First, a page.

Excerpted from The Farm to Market Handbook by Janet Hurst.
Finding laborers is often one of the most difficult obstacles for a farmer to overcome, but there are means to assist with this ongoing problem. Farmers often bring apprentices onto the farm. Although they are usually not paid, apprentices can learn valuable skills from the experienced farmer while receiving room and board. Of course, bringing someone onto the farm creates an additional responsibility for the farmer, but many growers find this responsibility worth the exchange in labor. Some industrious farmers actually charge a fee for an apprentice to work with them.
Occasionally there are volunteers who want to come and experience the farm environment. One local farmer had a neighbor who was dealing with a loss in her family. She asked to come to the farm and pick green beans. She simply wanted to do something worthwhile that got her out in the field and occupied her hands and mind. She became such a fixture that the farm family nicknamed her Bottom’s Up! It turned out to be a great deal for both parties. Bottom’s Up went home with a share of green beans for her efforts, not to mention a lighter heart, and the farm family had buckets of green beans to show for her labor.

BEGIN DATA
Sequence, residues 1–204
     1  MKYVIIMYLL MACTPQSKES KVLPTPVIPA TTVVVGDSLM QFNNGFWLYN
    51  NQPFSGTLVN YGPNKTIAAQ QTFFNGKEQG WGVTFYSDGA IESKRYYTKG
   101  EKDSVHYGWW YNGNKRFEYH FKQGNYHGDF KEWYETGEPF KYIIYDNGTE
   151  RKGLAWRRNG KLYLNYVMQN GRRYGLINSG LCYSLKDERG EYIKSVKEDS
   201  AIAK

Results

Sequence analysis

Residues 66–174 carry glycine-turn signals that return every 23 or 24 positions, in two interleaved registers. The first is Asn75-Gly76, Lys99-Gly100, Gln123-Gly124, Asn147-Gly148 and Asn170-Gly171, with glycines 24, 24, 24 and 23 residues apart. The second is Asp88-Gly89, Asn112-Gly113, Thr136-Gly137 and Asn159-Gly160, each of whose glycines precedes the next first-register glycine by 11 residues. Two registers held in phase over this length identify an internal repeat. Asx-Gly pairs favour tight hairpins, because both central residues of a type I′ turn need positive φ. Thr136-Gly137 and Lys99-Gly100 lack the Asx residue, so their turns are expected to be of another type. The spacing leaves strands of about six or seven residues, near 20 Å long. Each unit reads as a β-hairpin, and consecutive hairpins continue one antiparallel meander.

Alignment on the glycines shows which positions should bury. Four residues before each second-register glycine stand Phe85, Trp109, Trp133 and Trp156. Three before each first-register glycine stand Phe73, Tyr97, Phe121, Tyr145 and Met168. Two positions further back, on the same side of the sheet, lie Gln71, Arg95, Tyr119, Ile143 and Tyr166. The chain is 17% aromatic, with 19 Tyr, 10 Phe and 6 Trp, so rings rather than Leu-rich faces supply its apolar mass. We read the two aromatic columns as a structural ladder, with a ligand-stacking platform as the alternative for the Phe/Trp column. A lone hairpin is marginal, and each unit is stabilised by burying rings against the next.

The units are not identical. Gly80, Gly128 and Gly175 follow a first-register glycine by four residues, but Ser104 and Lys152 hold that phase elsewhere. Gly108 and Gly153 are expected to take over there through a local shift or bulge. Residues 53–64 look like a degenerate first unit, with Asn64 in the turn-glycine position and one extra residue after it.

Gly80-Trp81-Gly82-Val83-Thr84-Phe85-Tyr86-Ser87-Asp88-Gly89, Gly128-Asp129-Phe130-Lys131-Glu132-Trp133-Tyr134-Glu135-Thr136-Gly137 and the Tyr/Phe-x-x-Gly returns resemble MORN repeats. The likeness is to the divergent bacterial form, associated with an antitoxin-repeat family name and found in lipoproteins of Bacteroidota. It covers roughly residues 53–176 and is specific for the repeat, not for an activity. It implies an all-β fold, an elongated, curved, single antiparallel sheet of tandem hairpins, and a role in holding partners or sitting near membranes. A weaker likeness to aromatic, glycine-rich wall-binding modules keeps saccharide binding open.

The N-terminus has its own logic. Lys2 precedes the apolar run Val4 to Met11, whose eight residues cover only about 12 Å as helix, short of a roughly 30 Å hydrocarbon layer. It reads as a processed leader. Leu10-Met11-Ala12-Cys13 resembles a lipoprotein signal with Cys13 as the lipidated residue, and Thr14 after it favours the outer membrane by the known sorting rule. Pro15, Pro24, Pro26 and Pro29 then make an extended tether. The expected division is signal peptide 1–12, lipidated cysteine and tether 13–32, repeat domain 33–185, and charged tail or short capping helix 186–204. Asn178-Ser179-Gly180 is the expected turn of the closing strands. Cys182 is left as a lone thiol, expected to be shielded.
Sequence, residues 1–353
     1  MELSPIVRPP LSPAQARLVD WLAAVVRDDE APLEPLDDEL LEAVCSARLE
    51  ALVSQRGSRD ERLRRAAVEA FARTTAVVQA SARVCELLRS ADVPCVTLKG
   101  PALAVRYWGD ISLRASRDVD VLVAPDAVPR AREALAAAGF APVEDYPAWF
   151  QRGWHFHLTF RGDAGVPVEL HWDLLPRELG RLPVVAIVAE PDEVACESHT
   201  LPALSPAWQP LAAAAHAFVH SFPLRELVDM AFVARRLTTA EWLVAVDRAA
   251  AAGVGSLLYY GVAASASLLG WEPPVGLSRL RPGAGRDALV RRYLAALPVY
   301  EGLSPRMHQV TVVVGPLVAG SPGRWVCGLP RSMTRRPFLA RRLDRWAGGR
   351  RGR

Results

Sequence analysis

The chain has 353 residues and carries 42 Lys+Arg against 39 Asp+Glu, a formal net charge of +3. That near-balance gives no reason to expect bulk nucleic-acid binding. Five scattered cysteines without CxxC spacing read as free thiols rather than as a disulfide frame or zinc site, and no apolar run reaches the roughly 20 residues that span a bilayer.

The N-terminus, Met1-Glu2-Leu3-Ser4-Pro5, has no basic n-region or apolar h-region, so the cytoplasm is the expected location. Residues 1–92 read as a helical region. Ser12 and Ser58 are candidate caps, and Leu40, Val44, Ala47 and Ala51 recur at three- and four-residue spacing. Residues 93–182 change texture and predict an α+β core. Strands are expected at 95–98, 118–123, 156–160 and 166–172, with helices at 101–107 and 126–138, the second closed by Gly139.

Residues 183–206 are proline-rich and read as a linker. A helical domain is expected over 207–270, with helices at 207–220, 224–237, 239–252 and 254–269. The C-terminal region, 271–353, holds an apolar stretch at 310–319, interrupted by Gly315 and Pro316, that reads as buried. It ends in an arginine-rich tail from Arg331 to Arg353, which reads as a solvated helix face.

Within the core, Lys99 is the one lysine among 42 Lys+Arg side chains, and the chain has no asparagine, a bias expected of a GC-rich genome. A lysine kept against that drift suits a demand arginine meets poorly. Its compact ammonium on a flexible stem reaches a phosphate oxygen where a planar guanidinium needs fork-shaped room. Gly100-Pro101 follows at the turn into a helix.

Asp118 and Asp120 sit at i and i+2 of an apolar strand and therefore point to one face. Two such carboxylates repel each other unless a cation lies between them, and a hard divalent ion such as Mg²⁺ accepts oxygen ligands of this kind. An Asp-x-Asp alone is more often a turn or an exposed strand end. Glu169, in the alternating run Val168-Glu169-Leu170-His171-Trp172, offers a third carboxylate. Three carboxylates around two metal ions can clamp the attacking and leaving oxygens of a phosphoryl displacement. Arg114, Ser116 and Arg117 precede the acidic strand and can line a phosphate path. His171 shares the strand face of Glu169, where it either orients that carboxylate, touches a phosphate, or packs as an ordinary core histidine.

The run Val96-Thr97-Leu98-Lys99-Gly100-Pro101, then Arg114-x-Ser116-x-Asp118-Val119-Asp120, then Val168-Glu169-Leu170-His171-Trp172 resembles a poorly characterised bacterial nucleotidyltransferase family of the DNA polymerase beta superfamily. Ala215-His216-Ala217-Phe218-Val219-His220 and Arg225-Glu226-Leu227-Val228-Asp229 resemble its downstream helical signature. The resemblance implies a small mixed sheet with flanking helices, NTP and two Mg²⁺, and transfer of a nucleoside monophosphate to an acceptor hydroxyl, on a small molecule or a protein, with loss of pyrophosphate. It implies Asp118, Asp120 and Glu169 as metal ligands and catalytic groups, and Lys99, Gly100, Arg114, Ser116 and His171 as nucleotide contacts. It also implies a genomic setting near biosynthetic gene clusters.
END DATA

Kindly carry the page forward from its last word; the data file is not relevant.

Worldwide Opportunities on Organic Farms (WWOOF; www.wwoofusa.org) is a nonprofit network of host farmers and volunteers who wish to connect to work out a labor exchange. Its website states: “Since 2001 we have been connecting sustainable farmers with willing volunteers, in an exchange of education, culture, and sweat to bring forth wholesome agricultural products from the farms of the USA.” Visitors, called WWOOFers, are from varied backgrounds and volunteer on farms to receive some practical experience and learn about farming and organic agriculture. Labor is in exchange for room and board. These arrangements seem to work out very well; once farmers have a successful experience with one WWOOFer, they are anxious to open the door to another.
Internships are another way of involving people in your farm. You have learned valuable things over the years. Some may seem elementary to you. However, there are people willing to work to gain knowledge. Consider offering an internship (paid or unpaid) on your farm. Plan to spend time with the intern, actually teaching skills and sharing your knowledge.
While sharecropping is not as prevalent as it once was, this is also a means to assist with labor shortages. Workers literally labor for a share of the pickings. This can be a good value for both the worker and the farmer.
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This excerpt has been reprinted with permission from The Farm to Market Handbook by Janet Hurst and published by Voyager Press, 2014.